Last updated at Sat, 19 Aug 2017 02:51:08 GMT
Since we Last Left Our Heroes...
Wow, it's been a busy couple weeks here, post-DefCon/Black Hat. As you no doubt have noticed, we released Metasploit 4.10, which brings some major architectural changes to how our brute force login scanners are written, run, and logged -- you can read up on all that over at Dave TheLightCosine Maloney's delightful documentation, Creating Metasploit Framework LoginScanners to see how to write and use the new login and credential APIs.
Along with this, we've also converted the Metasploit Framework into a fully-fledged
Rails::Application, which itself is kind of huge. This should allow for much easier integration with other Ruby projects -- most notably, testing frameworks (let's cut down on regressions and bitrot) and opens the door for a gem-based distribution system for modules and module packs (yes, this is as rad as it sounds). If you're interested in the guts of how Metasploit Framework works now, take a look at Luke KronicDeth Imhoff's blog post about this significant upgrade.
A Great Big Pile of HOWTO
Also during 4.10, we've been revisiting a lot of the documentation of how to write specific kinds of Metasploit modules -- and by "we," I mean Wei sinn3r Chen, the world-reknowned and -feared superhacker with over 200 direct credits on Metasploit modules and input on well over a thousand. If you're just starting your exploit dev career, or if you've been at it for a while, these resources will be crazy valuable for you. The latest material includes:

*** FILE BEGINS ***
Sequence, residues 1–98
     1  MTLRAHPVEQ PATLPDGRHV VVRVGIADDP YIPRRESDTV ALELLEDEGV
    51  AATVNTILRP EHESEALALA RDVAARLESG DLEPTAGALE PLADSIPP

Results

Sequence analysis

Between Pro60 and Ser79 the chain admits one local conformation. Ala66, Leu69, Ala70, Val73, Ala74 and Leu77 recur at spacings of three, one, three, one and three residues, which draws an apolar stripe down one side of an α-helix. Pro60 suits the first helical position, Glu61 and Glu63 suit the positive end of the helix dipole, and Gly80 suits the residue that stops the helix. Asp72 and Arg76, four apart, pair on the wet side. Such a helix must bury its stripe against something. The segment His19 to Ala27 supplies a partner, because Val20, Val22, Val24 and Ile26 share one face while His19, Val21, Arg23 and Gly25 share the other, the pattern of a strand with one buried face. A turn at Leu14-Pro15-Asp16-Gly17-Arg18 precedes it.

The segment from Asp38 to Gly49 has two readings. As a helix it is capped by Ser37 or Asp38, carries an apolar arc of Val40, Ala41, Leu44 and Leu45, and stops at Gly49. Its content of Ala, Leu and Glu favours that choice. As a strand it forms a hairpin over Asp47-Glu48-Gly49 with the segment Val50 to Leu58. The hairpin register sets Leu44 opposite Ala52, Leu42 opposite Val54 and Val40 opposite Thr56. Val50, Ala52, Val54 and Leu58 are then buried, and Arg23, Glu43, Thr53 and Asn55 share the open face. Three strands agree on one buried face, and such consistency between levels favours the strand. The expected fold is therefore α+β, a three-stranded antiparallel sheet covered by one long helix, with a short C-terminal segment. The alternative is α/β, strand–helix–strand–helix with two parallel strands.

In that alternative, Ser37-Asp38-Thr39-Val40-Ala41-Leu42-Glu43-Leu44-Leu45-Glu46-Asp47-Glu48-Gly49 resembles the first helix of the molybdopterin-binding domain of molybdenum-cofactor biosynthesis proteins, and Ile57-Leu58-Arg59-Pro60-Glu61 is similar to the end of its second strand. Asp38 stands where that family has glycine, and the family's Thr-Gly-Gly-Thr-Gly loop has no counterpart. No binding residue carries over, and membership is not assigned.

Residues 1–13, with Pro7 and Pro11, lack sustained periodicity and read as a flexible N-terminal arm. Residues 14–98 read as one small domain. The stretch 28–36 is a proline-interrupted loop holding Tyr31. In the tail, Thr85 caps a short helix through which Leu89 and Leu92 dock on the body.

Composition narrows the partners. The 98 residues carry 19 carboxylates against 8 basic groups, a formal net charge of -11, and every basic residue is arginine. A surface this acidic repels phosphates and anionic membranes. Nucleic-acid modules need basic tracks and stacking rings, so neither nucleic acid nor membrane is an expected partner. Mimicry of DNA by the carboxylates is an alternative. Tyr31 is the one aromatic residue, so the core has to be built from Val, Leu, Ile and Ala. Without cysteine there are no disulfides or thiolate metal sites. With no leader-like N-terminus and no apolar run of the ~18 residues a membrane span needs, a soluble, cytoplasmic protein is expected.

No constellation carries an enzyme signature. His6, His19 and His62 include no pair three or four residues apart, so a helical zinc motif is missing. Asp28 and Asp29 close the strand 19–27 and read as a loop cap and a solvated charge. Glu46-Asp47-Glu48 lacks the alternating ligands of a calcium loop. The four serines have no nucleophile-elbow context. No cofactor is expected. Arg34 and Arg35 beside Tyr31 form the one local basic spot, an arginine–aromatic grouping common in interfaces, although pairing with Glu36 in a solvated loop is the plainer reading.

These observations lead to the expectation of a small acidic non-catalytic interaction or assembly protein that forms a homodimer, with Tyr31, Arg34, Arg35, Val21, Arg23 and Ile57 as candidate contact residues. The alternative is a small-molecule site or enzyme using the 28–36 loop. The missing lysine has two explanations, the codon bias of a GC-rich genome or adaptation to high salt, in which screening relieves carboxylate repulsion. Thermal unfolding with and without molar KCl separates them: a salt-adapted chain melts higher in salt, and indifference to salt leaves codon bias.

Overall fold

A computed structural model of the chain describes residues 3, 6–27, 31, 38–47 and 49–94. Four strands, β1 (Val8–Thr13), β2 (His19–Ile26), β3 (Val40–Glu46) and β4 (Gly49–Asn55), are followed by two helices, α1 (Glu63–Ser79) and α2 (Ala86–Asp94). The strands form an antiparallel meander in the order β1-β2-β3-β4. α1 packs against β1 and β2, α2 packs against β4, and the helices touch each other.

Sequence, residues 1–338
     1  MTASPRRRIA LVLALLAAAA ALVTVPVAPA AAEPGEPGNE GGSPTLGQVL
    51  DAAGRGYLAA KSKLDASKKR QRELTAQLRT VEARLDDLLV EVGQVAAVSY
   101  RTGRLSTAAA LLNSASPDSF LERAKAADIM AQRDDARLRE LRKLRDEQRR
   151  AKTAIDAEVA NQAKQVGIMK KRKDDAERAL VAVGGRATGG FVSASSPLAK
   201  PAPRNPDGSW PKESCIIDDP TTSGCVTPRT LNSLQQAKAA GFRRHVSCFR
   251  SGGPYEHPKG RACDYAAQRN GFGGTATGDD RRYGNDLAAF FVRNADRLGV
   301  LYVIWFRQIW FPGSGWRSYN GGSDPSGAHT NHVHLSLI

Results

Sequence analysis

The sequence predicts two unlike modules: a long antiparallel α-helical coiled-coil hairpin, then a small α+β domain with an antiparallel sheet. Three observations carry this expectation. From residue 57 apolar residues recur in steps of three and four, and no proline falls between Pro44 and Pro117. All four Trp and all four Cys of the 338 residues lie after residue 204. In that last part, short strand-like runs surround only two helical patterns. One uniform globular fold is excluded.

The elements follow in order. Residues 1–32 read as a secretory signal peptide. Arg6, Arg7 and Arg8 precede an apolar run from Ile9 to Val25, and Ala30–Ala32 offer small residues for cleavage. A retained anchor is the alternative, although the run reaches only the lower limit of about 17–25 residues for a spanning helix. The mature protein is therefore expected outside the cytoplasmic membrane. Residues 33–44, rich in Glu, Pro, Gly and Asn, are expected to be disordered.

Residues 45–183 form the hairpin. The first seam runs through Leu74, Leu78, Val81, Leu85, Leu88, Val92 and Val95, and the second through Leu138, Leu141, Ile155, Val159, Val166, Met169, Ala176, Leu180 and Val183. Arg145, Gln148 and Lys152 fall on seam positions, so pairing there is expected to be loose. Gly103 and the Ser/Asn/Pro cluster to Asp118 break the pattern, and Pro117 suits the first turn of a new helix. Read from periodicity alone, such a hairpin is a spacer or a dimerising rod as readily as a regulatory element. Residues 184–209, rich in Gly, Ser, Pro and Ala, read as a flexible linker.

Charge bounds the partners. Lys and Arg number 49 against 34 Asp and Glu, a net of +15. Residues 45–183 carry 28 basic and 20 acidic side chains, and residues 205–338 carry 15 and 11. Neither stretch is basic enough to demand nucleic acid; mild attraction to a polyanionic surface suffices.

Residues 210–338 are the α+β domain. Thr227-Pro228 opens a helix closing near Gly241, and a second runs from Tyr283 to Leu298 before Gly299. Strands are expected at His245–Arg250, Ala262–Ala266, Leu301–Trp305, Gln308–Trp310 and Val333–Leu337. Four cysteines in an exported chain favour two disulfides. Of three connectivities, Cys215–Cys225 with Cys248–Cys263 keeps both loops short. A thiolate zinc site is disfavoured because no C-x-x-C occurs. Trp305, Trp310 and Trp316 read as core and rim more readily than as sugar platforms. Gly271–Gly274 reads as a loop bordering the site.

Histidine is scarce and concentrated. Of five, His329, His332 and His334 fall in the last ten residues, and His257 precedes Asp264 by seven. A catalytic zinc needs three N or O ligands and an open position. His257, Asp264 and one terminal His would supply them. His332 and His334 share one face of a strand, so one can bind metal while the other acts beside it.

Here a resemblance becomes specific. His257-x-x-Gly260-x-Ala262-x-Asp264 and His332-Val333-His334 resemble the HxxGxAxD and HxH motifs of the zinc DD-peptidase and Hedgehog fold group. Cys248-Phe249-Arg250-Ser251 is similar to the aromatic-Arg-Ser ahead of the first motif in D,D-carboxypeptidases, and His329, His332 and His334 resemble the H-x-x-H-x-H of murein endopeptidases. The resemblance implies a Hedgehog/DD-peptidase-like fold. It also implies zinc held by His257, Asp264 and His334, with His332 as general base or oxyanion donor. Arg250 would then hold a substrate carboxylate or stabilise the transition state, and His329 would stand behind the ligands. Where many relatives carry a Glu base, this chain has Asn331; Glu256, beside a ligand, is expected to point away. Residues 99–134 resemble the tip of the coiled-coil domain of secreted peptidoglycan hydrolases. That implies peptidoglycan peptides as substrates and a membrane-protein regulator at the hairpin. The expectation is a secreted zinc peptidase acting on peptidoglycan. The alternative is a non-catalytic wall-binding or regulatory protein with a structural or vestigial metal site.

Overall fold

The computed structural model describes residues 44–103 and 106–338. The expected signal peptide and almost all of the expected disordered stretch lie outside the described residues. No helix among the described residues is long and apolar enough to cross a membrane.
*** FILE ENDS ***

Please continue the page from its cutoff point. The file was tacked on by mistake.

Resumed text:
- How to get started with writing an exploit
- How to get started with writing an auxiliary module
- How to get started with writing a post module
Sinn3r goes on to provide a lot of detail for major types of modules, such as web browser exploits and file format exploits, as well as typical chunks of modules, such as the check() method and using Railgun, Meterpreter's interface with the Windows core API. If you're troubled or confused about some area of Metasploit module writing after reading these, then feel free to offer suggestions and ask questions on our open source developer's Freenode channel, #metasploit.
Distributed, Reflective Denial of Service with NTP
Earlier this week, we also released five new auxiliary modules that can be used to audit your NTP infrastructure, This is Kind of a Big Deal -- given these common exposures in NTP and the nature of UDP-based communications, it can become trivially easy for an attacker to start flooding victims by using these mis-configured devices as amplification stations, leading to a distributed, reflective denial of service (DRDoS) attack.
DRDoS events are slightly different than just regular DDoS events. Instead of an attacker controlling a network of compromised and/or controlled hosts, the attacker uses the reflective and amplication "features" of spoofable services. The old "Smurf" attack is a classic example of this attack, where I pretend to be you and ping the broadcast address of some other network, resulting in lots of reply messages sent your way that you didn't ask for. In this way, one ICMP ping packet from me could turn into a few hundred ping response packets for you.